Dennis,I’m sure your project is valuable and interesting, but I see one major defect in it:You should include people who DON’T BELIEVE ANYTHING.Like me. I call myself an agnostic Buddhist sympathizer.I think that Buddhist ethics are the best ever devised. I think the Buddhist psychology of the human mind, created 2,500 years ago, is still valid and unsurpassed.But I don’t BELIEVE in reincarnation, karma, the seven planes of existence, and other traditional Buddhist beliefs. I THINK it’s entirely possible that these things exist, but I don’t BELIEVE that they do – I’m agnostic as to that.The absence from your project of people who don’t positively believe in some established credo implicitly suggests that everyone does, or should, positively believe in some religion or philosophy.I believe that your implicit message is in error.I think, if you investigated, you’d find that there are millions of intelligent and thoughtful people who, like me, think that anyone who has a positive belief in the truth of a religious or similar system, is ignorant and deluded (that includes all of the believers in the churches, mosques, synagogues and temples that you visited).I also think that most Americans, whatever they may profess when asked, realize that they are at heart agnostic, and really know nothing at all about the ultimate nature of things.Good luck with your project, which will certainly be interesting and informative, though I do think that in its present exclusionary form, it is incomplete and misleading.Best wishes to you.

  • Roger

    Another mindless program offering from Dennis “no intellect” Wholly. He’s been cranking garbage by asking questions of second rate locals for years. I stopped contributing to Public Television here due to trash like his. And now he’s dreamed up a new scam to bilk coffers and generate a paycheck. Get a job Wholly.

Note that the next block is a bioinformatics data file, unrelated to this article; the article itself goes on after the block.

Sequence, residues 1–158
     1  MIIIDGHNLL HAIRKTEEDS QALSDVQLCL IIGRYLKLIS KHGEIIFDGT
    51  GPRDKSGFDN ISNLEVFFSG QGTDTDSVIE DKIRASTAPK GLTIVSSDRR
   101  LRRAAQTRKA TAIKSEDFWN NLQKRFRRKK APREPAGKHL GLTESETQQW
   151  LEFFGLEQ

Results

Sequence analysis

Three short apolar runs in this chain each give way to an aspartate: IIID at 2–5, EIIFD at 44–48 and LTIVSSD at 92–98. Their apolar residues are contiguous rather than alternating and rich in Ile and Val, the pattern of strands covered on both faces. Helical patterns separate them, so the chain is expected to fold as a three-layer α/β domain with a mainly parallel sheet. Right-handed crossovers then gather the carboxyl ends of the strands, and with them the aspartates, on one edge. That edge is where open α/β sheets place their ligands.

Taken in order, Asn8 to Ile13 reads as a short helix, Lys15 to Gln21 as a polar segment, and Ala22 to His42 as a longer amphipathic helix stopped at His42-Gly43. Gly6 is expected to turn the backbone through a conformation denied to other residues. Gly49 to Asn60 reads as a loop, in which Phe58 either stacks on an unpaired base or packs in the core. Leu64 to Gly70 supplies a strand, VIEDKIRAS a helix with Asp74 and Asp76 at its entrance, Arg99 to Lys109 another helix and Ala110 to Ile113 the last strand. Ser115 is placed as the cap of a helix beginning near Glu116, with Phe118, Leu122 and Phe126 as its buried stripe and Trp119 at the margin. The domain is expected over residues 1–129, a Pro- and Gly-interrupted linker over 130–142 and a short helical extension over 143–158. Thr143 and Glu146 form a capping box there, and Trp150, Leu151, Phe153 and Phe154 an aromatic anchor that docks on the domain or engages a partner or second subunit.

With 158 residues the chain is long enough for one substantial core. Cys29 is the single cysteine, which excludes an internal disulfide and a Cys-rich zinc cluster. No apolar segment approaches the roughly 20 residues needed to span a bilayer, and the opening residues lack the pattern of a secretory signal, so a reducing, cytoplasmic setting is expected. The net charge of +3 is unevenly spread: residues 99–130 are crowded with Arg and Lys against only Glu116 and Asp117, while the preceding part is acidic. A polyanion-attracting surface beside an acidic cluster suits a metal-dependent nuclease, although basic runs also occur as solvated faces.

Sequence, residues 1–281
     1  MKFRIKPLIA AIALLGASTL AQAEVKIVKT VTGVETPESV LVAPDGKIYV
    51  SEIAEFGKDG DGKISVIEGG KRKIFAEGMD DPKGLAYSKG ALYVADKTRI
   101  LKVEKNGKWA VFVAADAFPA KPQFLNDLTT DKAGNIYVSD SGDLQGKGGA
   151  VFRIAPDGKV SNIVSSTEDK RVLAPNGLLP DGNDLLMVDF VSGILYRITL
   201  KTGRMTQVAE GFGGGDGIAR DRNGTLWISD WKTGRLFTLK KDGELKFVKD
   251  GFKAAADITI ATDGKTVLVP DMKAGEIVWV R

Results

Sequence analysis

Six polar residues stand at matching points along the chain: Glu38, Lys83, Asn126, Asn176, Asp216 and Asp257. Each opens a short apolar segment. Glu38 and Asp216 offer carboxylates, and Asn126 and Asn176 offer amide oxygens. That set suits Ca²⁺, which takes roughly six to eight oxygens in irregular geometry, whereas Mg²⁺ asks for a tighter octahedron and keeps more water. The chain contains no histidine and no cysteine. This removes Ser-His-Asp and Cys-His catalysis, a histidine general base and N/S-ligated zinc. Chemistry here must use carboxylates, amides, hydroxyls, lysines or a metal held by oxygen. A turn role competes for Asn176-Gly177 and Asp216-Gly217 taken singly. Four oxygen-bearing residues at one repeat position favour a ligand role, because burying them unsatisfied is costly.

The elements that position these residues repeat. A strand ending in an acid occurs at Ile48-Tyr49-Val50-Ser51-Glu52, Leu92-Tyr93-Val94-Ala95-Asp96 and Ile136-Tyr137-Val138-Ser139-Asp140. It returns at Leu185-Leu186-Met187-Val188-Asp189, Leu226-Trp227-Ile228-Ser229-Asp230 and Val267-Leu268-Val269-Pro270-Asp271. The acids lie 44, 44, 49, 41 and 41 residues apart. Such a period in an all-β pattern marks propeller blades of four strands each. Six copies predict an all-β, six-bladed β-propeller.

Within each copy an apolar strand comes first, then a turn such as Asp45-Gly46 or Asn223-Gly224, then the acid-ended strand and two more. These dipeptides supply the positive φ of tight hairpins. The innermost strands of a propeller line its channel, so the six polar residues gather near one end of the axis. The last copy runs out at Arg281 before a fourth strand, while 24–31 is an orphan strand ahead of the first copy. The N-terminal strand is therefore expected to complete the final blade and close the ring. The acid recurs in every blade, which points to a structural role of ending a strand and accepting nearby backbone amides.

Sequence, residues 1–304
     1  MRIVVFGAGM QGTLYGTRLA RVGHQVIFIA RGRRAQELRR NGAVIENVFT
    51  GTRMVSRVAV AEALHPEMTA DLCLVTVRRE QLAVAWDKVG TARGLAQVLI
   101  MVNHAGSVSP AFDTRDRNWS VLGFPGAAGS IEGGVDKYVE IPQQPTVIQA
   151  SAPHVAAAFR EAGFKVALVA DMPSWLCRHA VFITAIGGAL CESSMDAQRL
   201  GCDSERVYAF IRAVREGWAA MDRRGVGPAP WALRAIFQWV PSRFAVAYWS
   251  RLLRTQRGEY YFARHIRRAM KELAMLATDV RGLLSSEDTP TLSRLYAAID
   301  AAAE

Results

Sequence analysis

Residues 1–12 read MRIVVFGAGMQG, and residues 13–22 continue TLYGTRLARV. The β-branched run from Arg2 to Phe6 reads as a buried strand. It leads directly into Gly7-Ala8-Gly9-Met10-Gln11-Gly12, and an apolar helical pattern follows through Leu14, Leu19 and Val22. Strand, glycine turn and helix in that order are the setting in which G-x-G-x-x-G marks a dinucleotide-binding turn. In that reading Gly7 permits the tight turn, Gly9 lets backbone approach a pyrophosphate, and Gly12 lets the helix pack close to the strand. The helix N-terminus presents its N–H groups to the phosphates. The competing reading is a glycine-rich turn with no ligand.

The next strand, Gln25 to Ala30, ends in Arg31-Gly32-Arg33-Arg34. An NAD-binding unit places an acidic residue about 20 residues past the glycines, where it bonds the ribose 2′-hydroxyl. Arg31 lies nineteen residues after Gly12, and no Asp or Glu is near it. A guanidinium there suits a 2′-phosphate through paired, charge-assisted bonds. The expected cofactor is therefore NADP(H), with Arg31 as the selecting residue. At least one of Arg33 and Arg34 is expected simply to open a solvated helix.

• ThinkAboutIt

    Let me save you time,People don’t want to believe their lives are insignificant, Even though science has found NO evidence for supernatural deities, people are encouraged that it doesn’t hurt to hope for a little magic. Unfortunately magical thinking can make for destructive politics — for example electing George Bush and making people say about global warming “oh well — isn’t the world supposed to end anyway?”.That’s why I don’t care to partake in the opium of magical thinking. We have to many real problems in the world we need some SOBER people around for….If it weren’t for that, I’d say,go ahead and believe in your Fairies — whatever is fun for you!

  • ThinkAboutIt

    Let me save you time,People don’t want to believe their lives are insignificant, Even though science has found NO evidence for supernatural deities, people are encouraged that it doesn’t hurt to hope for a little magic. Unfortunately magical thinking can make for destructive politics — for example electing George Bush and making people say about global warming “oh well — isn’t the world supposed to end anyway?”.That’s why I don’t care to partake in the opium of magical thinking. We have to many real problems in the world we need some SOBER people around for….If it weren’t for that, I’d say, go ahead and believe in your Fairies — whatever is fun for you!

  • mustard seed

    Dennis,I encourage you to include true believers in your discussions rather than those that are smart but ultimately subordinate to the format and context of the show–which seems to be more about making nice. The premise of the show is interesting, but the resulting conversation is too watered down to be significant. Please consider inviting an Apologetic (like Hank Hannegraffe) represent the Christian view at some point, and others in other faiths, who are more specific in their views, but are also able to engage in respectful conversations with others.Thanks

  • mustard seed

    Dennis,I encourage you to include true believers in your discussions rather than those that are smart but ultimately subordinate to the format and context of the show–which seems to be more about making nice. The premise of the show is interesting, but the resulting conversation is too watered down to be significant. Please consider inviting an Apologetic (like Hank Hannegraffe) represent the Christian view at some point, and others in other faiths, who are more specific in their views, but are also able to engage in respectful conversations with others.Thanks